How Much of Your Presentation Will They Remember?


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The bad news for anyone delivering a presentation is that, despite all your hard work and careful choice of content to include in your presentation, most of it will go in one ear and out the other.

Researchers once ran a test to measure how much of a presenter’s message sticks in the minds of their audience. They found that immediately after a 10-minute presentation, listeners only remembered 50% of what was said. By the next day that had dropped to 25%, and a week later it was 10%.

Why is that important? In a typical strategic sales presentation, your audience members will not make a decision right after you’ve spoken. It might be a week or even longer after your presentation. By that time, they may no longer remember specific details but various audience members may each have their own “headline” in their mind that they retained from the presentation will retain an impression of your message. Or, they may have forgotten the impression but may retain an interesting story or intriguing statistic you gave them.

Since very little of your message will stick, you must be absolutely clear in your mind which 10% you want them to remember, and then design your presentation to make sure that happens. The first step is to choose a clear and compelling theme, as described in last week’s article. In effect, you first write the headline and then craft your content to reinforce, repeat and dramatize it.

If you want to be sure it’s saved in their memory, here are five tools under the acronym SAVER:[1]

STORIES: Stories stick. Humans have passed on learning for millennia, and our brains are exquisitely attuned to hearing them, getting drawn in to their reality, and remembering them. But make you’re your stories have a purpose beyond mere entertainment: because they’re so memorable, it’s important that any story you tell supports your theme or one of your main points.

ANALOGIES: Familiar things are more easily remembered, and analogies make things familiar. If you’re presenting an idea that is a big change from the status quo, analogies can make it seem safer by its familiarity. If it’s a sales presentation, some of the best analogies are drawn from the way your customer does business. If you can show them how your solution fits with something they already do, you get the double benefit of familiarity and credibility.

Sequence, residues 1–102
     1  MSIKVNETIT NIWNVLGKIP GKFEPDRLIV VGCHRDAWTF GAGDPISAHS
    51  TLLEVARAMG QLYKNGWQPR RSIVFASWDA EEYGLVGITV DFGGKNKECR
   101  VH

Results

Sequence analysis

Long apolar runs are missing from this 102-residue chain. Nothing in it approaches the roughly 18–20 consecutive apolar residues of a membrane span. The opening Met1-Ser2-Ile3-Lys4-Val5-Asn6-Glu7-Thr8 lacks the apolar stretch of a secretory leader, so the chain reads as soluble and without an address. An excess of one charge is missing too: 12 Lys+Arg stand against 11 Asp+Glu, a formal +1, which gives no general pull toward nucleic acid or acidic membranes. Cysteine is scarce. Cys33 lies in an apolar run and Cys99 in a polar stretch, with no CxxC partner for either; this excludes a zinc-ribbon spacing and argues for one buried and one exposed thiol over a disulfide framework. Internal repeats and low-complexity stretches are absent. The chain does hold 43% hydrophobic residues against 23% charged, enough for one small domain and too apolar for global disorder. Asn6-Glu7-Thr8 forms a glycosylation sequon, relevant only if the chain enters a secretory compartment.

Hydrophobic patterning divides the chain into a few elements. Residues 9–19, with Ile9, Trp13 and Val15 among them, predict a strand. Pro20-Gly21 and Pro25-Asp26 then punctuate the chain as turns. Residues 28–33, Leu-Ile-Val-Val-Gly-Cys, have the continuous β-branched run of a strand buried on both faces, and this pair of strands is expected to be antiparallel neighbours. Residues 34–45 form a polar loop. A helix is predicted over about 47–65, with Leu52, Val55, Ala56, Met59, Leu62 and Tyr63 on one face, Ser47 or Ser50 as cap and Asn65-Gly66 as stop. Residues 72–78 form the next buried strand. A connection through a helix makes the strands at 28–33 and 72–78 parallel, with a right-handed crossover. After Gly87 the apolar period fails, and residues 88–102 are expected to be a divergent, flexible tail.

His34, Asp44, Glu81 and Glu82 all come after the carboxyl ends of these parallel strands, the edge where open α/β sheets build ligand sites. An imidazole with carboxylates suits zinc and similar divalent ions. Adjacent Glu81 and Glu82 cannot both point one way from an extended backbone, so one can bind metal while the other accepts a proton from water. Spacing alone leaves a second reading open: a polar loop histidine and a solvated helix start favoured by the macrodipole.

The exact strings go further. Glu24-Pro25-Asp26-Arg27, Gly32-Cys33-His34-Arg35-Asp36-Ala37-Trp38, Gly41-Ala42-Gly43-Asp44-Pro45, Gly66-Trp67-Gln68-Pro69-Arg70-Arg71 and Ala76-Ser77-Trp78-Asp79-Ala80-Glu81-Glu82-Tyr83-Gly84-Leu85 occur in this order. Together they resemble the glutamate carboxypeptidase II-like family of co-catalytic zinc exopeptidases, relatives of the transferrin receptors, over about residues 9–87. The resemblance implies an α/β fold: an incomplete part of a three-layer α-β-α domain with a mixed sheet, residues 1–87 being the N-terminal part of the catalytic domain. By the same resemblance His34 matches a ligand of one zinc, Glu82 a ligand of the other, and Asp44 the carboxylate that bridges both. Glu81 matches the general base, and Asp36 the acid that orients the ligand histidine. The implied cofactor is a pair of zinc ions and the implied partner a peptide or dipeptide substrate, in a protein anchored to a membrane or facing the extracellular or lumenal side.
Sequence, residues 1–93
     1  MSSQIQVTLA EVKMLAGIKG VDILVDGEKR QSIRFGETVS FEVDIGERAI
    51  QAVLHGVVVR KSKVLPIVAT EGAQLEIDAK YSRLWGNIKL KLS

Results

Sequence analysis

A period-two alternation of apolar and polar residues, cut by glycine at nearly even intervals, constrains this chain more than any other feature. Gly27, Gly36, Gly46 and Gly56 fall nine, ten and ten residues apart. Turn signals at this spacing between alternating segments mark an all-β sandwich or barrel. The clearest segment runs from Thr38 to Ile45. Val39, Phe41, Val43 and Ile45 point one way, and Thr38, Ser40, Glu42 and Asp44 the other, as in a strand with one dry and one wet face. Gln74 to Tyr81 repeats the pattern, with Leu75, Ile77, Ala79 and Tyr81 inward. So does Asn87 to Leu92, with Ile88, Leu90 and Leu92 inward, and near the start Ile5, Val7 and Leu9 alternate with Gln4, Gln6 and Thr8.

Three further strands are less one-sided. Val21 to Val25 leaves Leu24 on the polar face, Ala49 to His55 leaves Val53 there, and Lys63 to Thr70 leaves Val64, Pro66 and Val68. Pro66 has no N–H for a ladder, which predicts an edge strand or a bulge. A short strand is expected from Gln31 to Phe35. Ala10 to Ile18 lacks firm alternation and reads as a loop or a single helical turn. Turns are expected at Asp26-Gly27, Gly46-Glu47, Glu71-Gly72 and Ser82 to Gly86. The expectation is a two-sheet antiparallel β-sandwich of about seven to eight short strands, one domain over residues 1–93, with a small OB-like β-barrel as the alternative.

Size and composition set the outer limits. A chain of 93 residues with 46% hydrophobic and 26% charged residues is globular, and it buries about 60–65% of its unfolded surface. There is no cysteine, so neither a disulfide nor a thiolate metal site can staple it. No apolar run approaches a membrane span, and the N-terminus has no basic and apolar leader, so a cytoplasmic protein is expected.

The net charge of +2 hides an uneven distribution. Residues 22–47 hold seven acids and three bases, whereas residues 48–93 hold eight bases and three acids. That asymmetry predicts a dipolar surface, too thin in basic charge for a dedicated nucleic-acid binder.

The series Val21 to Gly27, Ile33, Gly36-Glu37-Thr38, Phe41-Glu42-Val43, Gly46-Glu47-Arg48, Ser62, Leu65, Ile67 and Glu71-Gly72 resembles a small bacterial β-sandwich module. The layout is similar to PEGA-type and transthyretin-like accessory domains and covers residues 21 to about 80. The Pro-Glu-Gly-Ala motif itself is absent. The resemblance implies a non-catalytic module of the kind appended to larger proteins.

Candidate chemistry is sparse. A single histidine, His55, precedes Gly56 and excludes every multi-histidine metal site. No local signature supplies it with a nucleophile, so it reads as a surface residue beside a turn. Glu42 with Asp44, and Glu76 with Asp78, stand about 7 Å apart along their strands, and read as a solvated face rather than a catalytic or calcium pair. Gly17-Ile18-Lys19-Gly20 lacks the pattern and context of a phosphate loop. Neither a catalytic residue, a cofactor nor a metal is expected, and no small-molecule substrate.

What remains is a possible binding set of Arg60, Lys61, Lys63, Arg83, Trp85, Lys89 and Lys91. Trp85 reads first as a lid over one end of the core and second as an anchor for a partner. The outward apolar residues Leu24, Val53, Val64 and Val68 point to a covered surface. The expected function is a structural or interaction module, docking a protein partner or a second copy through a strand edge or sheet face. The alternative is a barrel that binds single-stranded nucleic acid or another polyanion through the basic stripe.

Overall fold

VISUALS: Forget the myth about auditory, visual and kinesthetic. We’re all visual learners; pictures stay in our minds far more commonly than abstract concepts and words. John Medina tells us in his book Brain Rules that retention goes from 10% to 65% when pictures are used. While I would take that statistic with a grain of salt, there is no doubt that the right pictures can make a memorable impression. As with stories, this makes it important to make sure your pictures support your points, rather than just being decorative.

EXAMPLES: Examples make abstract things real. You see it every night on the evening news: if they run a story about the unemployment rate, they will profile a family struggling to make ends meet. Chip and Dan Heath call it the Mother Teresa effect, because she said, “If I see one, I will act.”

REPETITION: Churchill said, “If you have an important point to make, don’t try to be subtle or clever. Use a pile driver. Hit the point once. Then come back and hit it again. Then hit it a third time—a tremendous whack.” This is excellent advice, but pay attention to the subtlety: Churchill repeated it slightly differently each time, so that it doesn’t sound repetitious.

When you craft your presentation, first make sure you get your facts straight, but then go back and use SAVER as a checklist to make sure they pack maximum impact.

[1] Actually, acronyms also work well, but I didn’t include them because I couldn’t think of an acronym for the extra “A”.

Republished with author's permission from original post.

Jack Malcolm
Jack founded Falcon Performance Group in 1996 specifically to combine his complex-sale expertise and his extensive financial background to design and implement complete sales process improvement initiatives at top national and international corporations.


  1. One presentation challenge I’ve seen is that marketers and salespeople speak about results, but the numbers are abstract–one of the issues that Heath brothers address in their book, Made to Stick.

    I think they cited Stalin’s dark quote that “one death is a tragedy, but one million is a statistic.” Sad, but true, I think. People have a hard time extending large numbers into a concrete vision.

    One company that did a particularly good job recently overcoming that problem was The New York Times, in an online piece about world records in sprinting based on the 2012 Summer Olympics. If you click on the link, there is a very creative visualization that demonstrates just how far human achievement has gone.

    Not every company needs to be this elaborate, but I think the point is clear.


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